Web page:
Early in his career, Chris Smith worked for Lou Pearlman (of the Backstreet Boys, N*SYNC, and other major acts) and Dan Gilbert (founder and creator of Quicken Loans) and notes those mentors as the ones that taught him everything he needed to know about phone sales. Smith then went on to work for Top Producer and Realtor.com selling the crm and online advertising services respectively. While in those roles, Smith decided to start a blog, Tech Savvy Agent, where his career really took off. He kept adding new media outlets to his repertoire and his name grew. While the blog grew, Smith worked with Dotloop through their acquisition by Zillow, and through that process, started his company Curaytor. Smith now has two offices and several employees that help him execute marketing for their thousand clients they actively work with.
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Smith goes on to say that he feels Curaytor fills a gap in real estate marketing because of concerns he has with current coaching practices in the industry. He fears that coaching is purely accountability, not any radical new, magical processes (mostly). The new stuff (Facebook marketing, etc.) is more fun and exciting, he notes, and agents can enjoy doing it. He likens the old processes of knocking doors and sending mailers as easy to get bored with, but with Facebook marketing, agents get the “fun and shiny” they are interested in, but are still accomplishing the same tasks they’ve been told to complete in their businesses for years.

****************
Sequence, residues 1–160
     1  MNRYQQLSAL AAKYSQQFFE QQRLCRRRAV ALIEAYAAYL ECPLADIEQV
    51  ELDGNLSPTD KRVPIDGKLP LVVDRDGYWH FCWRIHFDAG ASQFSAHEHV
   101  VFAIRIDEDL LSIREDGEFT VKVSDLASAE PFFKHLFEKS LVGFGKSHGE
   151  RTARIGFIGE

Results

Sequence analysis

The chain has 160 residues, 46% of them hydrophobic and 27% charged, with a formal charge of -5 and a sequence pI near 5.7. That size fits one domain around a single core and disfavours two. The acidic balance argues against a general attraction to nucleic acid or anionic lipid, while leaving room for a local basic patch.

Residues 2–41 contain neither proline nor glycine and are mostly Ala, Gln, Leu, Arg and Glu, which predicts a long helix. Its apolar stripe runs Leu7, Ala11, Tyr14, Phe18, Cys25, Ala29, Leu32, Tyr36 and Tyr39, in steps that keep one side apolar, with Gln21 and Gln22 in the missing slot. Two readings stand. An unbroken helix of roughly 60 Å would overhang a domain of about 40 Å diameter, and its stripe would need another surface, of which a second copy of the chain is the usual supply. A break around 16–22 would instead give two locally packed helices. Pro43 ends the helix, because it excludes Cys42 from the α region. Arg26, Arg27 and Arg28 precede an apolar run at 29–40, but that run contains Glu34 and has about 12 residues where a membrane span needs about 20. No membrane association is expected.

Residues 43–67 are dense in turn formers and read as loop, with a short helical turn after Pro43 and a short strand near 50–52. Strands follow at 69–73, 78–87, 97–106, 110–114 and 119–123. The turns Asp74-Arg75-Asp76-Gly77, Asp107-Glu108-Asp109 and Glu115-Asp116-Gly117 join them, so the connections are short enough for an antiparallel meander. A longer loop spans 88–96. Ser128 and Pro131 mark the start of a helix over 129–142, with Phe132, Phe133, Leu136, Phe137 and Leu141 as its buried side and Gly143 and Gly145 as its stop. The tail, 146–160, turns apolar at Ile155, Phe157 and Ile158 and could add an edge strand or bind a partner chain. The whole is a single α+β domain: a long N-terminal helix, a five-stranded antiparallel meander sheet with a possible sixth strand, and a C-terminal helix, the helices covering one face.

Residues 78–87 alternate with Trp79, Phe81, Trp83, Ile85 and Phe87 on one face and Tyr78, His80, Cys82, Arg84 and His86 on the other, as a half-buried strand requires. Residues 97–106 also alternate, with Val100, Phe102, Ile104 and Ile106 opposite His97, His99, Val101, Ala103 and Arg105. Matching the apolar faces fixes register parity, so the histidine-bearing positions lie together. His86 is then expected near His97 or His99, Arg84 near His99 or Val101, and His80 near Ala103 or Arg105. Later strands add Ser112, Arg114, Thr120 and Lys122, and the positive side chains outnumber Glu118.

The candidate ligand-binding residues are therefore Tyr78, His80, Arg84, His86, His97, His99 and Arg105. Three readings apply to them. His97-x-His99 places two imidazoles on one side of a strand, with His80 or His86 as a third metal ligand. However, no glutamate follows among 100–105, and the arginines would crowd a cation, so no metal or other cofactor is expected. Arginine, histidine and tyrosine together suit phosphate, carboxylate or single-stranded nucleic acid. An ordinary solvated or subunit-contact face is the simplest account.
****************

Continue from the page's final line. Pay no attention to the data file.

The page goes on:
“The message is the same, the methods have just changed,” he says. “Don’t be romantic about the method.”
Turning to new methods means new tactics, and Smith notes several off-hand. “News-jacking” he calls it, is a great way to stay relevant and get good engagement. He mentions lacing correspondence with Super Bowl themes or other hot topics of the day. Smith goes on to talk about Facebook’s follies over the last year and how, as a business, they are steering more in the direction of engaging content than anything that requires an opt-in, especially on a third party site.
To those who struggle with consistency in marketing, Smith offers some advice. “It’s challenging to track and trace your marketing as you’re doing it. It’s hard for big businesses and small,” he agrees. “You have to ask yourself is my business better off with or without marketing?“ He urges agents to redefine what they mean when they talk about marketing success. Every marketer would agree: repeated actions over time create sustainable success.
Prospects get bored with opt-in requests. Agents should start treating engagement as leads instead of names and phone numbers as the only value coming from marketing. In practice, getting the most out of an audience is called retargeting. It’s easy to get an opt-in, but business is happening in the communication phase where they get to know the agent and the service. Lastly, Chris hits on the importance of expectations in Facebook marketing efforts. Grant and Chris both agree that out of one hundred Facebook leads, an agent should plan to convert only a handful immediately. Marketing is an every day, long-term need in a business, not a one-time solution to overcoming unsteadiness in a market or business.